Young Peoples Mental Health Needs Support

May 22, 2016 at 1:22 pm (Mental health, Parenting, Politics, Teaching) ()

The axing of Natasha Devon’s role as school’s mental health champion was a real blow for young people in this country.  It sends the message that the government does not recognise the issues of mental health in schools when in fact it is a ticking time bomb. Mental health problems affect about 1 in 10 children and young people. Why schools now?  Why is it different from the past? Why can’t young people cope in the way that generations prior to them did?  As I see it there are four main factors.

Firstly awareness – the 21st Century has been a truly excellent time in the history of Psychology and symptoms of depression, anxiety and other conditions are far more often picked up than they were in the past.  Stephen Fry’s autobiography Moab is my Washpot is particularly good for highlighting this.

Secondly social media.  Think back to when you were a teenager.  Think of the worst most humiliating thing that happened to you.  Now imagine it’s on Facebook or Youtube and is there forever and people can keep linking back to it.  That is the world that everyone born in the 21st Century is living in.  Do not underestimate the horrors of social media on the young.  I thank god all the time that it did not exist when I was a teenager.  Text messaging caused me enough problems. (Don’t ask – at least not on the internet)

One and two are symptoms of the world and there is very little we can do about it.  But three and four are where the government has a responsibility to improve the situation and the sacking of Natasha Devon becomes unforgiveable.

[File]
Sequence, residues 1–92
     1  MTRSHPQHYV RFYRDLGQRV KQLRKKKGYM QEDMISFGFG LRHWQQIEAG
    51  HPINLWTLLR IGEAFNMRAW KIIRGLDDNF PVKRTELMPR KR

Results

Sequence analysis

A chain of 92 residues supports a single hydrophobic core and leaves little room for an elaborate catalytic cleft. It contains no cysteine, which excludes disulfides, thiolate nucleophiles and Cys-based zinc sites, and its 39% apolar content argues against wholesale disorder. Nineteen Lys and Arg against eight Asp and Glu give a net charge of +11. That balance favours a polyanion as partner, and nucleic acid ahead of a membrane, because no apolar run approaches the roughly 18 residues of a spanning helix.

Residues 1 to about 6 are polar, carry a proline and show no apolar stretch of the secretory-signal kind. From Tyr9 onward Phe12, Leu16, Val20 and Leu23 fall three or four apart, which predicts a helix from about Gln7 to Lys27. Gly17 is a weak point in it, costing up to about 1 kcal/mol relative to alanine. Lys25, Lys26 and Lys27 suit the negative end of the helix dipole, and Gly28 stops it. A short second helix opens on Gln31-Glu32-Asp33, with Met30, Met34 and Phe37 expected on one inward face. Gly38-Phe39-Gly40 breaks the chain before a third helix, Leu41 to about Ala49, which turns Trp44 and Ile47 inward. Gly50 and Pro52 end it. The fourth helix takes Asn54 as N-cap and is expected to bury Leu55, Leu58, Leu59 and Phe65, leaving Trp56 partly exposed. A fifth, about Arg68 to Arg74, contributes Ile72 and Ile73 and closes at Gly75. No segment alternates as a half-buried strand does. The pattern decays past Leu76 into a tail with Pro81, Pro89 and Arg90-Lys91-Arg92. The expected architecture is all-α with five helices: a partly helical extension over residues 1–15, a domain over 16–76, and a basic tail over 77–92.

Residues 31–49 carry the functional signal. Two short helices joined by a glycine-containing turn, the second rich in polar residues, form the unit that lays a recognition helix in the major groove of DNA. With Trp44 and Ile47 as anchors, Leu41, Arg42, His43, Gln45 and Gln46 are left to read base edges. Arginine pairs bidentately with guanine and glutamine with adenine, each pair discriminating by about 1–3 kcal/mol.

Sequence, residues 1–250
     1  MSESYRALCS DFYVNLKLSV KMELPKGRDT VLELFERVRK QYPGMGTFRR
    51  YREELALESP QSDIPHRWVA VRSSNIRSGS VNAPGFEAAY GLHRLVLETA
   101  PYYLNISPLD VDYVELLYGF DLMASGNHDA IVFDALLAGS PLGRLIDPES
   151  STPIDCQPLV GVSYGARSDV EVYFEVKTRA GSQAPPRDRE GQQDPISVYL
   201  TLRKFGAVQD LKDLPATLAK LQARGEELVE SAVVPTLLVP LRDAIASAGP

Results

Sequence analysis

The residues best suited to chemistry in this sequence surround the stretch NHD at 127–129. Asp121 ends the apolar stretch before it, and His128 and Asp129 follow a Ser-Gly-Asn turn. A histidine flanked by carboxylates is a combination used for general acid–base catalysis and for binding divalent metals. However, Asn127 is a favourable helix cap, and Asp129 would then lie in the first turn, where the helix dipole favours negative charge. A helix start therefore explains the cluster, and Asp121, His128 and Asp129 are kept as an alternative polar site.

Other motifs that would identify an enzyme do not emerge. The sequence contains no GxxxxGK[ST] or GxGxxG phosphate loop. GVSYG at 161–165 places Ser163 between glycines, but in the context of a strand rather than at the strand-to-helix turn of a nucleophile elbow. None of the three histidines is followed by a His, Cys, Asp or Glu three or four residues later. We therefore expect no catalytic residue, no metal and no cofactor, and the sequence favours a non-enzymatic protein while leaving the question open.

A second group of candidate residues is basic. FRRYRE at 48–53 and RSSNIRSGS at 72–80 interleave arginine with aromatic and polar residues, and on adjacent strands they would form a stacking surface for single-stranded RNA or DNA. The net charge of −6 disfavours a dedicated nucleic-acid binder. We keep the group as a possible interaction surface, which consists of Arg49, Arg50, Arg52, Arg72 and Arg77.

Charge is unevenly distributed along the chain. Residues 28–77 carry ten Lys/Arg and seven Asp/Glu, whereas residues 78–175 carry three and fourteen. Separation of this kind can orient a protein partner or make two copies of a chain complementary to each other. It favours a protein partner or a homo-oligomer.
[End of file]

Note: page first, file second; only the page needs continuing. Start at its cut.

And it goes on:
The third factor as I see it is that teachers are at breaking point.  Yes, yes I rant about this all the time but it pains me to see the stress that my former colleagues are still under.  Everyone I have seen since I left my job has said how much better I look – this is largely because the terrible eczema I had developed on my eyelids in the last year has completely disappeared.  My eczema has always been stress related.  The last time I had it, before this year, was in my final year of university. The teaching job had got so stressful my body felt it had to tell me.  But it’s not just me.  Nor is it my lovely friends who are still working so hard they are struggling to maintain their sanity. One in ten teachers have been prescribed anti-depressants as a direct response to their job.  That article highlights all the statistics but the key point is that teachers are suffering more stress than they ever have before.  It is undoubtable that this is conveyed onto the students.

But finally the key point is the stress that the students are under.  The stress that academic achievement is the only route to follow, that there are no jobs waiting for them when they leave and that they will be considered a failure if they do not achieve the government set targets for themselves. This is what Natasha Devon was highlighting when she lost her job – that children as young as 12 have developed high levels of stress over standardised testing.  I know everyone is bored of being told how good Finland’s education system is but it shows that testing and forcing children into box ticking exercises is not the only way to educate them.